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Kanye West's Donda: Recursion and Legacy

3rd of September, 2021

“Aw, dead Bill Hicks, he was brilliant. I wish I was dead Bill Hicks. I wish I could be judged on two hours of material. It’s easy being dead! The hard thing, if you’re a comedian, is to stay alive! To keep on knocking out another two hours every year… Gradually decreasing the quality of your own obituary.”
—Stewart Lee, Carpet Remnant World

I am deeply invested in the competitive scene for Super Smash Bros. Melee. Melee is ostensibly a multiplayer party game, but the niche and insular scene of nutcases who play the game as a competitive fighting game (a category I once belonged to) has produced, since the game’s release in 2001, two decades of rivalries and history that are perhaps, in their depth and intensity, unmatched in competitive gaming.

A recent debate around this history is the discussion of the Greatest of All Time: that one player whose legacy is more impressive than any other. The two contenders are Adam “Armada” Lindgren and Joseph “Mango” Marquez. Armada, now retired, whose ten year career was characterised by a remarkable consistency in dominating his opponents that will almost certainly never be matched again. Mango, who has been playing for longer, is still currently active, has been consistently one of the best in the world, and whose astonishing energetic spirit places him at the heart of most of the game’s greatest rivalries, including against Armada. Armada’s untouchable record speaks for itself, but it cannot now be added to. Mango, who has experienced highs and lows over his career, continues to produce more and more astonishing results, including what many are calling the greatest set of all time only last July.

Joseph “Mango” Marquez VS “Zain” Naghmi, Grand Finals of Smash Summit 11

Sometimes as an artist one is placed in a peculiar predicament: the case in which we believe that the most recent thing we have produced is the best thing we have ever produced. This can be a source of great joy, in that it suggests that one is at the height of one’s creative powers. The problem is that the feeling of achievement can be paralysing: one might feel that one’s most recent work is not only the best one has ever achieved, but the best one will ever achieve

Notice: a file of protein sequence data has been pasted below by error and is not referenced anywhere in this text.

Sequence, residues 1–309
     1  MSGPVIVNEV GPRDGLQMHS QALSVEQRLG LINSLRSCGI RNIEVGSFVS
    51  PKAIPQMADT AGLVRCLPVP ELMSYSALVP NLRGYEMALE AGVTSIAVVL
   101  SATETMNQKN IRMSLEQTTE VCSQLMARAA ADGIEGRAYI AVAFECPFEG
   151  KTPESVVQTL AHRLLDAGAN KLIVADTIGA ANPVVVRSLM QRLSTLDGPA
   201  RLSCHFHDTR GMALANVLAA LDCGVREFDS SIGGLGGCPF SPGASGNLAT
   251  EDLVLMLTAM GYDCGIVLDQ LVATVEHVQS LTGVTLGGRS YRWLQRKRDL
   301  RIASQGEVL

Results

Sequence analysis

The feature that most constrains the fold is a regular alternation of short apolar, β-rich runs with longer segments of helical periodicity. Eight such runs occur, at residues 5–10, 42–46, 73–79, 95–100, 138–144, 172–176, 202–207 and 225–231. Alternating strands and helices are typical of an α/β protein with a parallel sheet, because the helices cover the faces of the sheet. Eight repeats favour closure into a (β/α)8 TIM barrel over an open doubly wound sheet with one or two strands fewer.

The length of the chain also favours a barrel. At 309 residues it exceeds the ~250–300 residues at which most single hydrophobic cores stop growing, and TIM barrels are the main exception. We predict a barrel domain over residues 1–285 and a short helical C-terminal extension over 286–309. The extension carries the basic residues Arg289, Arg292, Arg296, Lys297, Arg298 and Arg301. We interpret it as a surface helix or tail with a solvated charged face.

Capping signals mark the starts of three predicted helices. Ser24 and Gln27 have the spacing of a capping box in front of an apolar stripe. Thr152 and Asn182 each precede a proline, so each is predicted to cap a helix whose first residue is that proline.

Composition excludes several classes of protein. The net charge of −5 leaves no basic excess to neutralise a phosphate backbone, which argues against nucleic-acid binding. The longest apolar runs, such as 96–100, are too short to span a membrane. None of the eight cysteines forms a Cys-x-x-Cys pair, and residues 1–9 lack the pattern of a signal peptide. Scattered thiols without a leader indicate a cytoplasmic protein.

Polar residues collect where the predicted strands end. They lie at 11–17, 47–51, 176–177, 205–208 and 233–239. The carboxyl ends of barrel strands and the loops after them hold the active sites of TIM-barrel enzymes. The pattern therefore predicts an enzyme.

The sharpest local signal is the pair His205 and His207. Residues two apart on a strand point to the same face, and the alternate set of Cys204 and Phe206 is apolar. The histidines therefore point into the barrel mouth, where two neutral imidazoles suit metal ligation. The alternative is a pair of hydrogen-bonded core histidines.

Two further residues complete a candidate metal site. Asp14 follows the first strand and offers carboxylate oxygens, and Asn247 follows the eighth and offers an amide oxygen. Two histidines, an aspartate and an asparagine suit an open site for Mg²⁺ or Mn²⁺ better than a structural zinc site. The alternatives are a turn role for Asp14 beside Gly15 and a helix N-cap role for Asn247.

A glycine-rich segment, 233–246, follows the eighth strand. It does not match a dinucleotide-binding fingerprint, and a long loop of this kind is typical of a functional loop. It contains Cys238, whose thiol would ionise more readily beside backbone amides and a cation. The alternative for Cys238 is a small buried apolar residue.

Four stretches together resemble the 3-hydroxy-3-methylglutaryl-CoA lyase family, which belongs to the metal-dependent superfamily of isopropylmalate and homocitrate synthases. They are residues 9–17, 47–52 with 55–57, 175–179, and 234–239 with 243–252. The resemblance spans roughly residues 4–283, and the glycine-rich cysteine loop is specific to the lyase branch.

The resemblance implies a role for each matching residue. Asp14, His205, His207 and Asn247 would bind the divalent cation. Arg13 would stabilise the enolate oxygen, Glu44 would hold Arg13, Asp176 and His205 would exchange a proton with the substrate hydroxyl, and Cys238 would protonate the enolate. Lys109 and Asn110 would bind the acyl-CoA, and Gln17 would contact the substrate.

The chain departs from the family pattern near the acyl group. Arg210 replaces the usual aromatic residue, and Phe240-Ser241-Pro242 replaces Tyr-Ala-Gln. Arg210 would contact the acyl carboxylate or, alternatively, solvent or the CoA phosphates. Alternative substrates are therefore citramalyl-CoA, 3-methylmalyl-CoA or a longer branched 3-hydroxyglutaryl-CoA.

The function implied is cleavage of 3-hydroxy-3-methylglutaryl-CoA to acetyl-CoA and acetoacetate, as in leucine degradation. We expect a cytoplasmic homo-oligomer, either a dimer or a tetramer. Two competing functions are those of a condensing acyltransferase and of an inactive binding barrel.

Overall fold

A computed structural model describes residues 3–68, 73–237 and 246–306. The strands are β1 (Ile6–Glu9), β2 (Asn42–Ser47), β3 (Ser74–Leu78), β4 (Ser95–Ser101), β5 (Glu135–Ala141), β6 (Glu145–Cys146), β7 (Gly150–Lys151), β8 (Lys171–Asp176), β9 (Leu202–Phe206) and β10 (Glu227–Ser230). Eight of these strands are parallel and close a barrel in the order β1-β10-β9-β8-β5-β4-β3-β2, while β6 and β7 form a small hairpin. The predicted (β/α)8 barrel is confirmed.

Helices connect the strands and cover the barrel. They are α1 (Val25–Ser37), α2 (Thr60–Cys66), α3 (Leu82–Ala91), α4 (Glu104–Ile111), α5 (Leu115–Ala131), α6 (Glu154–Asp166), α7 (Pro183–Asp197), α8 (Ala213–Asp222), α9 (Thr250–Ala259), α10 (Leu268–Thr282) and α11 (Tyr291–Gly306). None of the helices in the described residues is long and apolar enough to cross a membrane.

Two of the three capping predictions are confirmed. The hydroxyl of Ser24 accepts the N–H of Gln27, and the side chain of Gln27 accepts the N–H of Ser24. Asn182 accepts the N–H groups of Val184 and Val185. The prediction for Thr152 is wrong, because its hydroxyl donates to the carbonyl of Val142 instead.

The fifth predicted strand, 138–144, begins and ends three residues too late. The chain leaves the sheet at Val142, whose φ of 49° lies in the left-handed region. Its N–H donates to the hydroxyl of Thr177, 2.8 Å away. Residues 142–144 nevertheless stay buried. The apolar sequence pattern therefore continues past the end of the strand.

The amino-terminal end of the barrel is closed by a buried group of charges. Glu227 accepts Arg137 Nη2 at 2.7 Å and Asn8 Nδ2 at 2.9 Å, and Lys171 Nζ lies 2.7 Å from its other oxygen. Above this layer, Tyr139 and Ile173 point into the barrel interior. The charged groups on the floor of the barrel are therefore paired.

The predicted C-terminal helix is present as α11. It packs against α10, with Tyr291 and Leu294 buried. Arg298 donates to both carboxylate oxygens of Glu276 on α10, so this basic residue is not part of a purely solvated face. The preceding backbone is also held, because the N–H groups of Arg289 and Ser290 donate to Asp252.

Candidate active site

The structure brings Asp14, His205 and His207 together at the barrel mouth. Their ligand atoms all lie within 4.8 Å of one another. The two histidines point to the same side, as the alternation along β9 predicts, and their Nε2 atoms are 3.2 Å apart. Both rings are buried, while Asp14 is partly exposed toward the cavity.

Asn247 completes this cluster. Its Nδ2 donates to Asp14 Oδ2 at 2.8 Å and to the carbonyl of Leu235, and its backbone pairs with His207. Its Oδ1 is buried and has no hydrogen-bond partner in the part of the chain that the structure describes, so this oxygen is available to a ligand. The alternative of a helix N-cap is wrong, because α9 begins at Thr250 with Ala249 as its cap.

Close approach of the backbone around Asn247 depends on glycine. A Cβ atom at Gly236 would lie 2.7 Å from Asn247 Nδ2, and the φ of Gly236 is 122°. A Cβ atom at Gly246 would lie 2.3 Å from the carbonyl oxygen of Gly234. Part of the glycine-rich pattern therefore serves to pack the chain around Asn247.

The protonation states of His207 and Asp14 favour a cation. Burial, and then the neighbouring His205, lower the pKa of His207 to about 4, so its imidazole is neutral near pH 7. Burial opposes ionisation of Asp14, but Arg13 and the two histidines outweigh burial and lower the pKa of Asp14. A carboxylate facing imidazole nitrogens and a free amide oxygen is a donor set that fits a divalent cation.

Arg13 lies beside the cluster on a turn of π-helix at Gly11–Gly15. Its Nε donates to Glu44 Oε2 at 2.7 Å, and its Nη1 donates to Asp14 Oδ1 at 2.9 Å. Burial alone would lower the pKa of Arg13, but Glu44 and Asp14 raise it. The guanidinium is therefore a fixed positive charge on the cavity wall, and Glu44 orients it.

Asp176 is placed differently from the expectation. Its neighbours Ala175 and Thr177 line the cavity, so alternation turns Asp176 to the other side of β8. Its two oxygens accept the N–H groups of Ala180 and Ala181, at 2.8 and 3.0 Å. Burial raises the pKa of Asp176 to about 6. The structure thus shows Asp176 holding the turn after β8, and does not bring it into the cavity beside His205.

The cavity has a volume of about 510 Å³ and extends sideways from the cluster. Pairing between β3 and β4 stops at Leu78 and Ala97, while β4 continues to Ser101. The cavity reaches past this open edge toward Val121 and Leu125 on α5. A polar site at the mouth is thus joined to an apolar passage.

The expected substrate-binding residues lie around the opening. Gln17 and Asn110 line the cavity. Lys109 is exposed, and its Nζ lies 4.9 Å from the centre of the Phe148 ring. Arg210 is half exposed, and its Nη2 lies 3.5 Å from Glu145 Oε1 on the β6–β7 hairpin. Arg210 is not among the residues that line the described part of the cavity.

Obviously this doesn’t ever usually stop anyone from making art, but it certainly changes things. There might be an observable change in the approach from the artist: a lessening of intensity as the frantic drive in the search for truth, now perceived as having been found, is lessened; a sudden left turn into inaccessibility as the artist loses faith in his ability to further innovate within the intersubjective aesthetic standards he once worked inside. This feeling may result in works better or worse, but however it is that the steaming sheep’s entrails happen to spill out in the wake of this disruption, we as readers and observers must play at haruspicy—reading the liver spots that suggest some contours of meaning in the subsequent corpse of the art.

Kanye West appears to be either immune or hyper-susceptible to this aesthetic violence, depending on how one looks at it. He infamously went on a five hour tweeting rant in 2016 in which he criticised Pitchfork giving The Life of Pablo the unacceptably low score of 9/10—“Pitchfork, the album is a 30 out of 10”. He quite obviously believes, after every album he ever makes, that the most recent one is his best. This is probably because Kanye appears to be inflicted with a curious combination of both an intense empathy and interest in people, and a hyper-individualist solipsism. One gets the impression that his legendary obsession with his own self—both the love for and hatred for that self—is not borne of selfishness so much as necessity, in that his own head is the only one he has direct access to. For Kanye, whose aesthetics are deeply informed by pictures of the Individual Genius and the notion that art’s highest purpose is the expression of the self, his most recent album must necessarily be his best.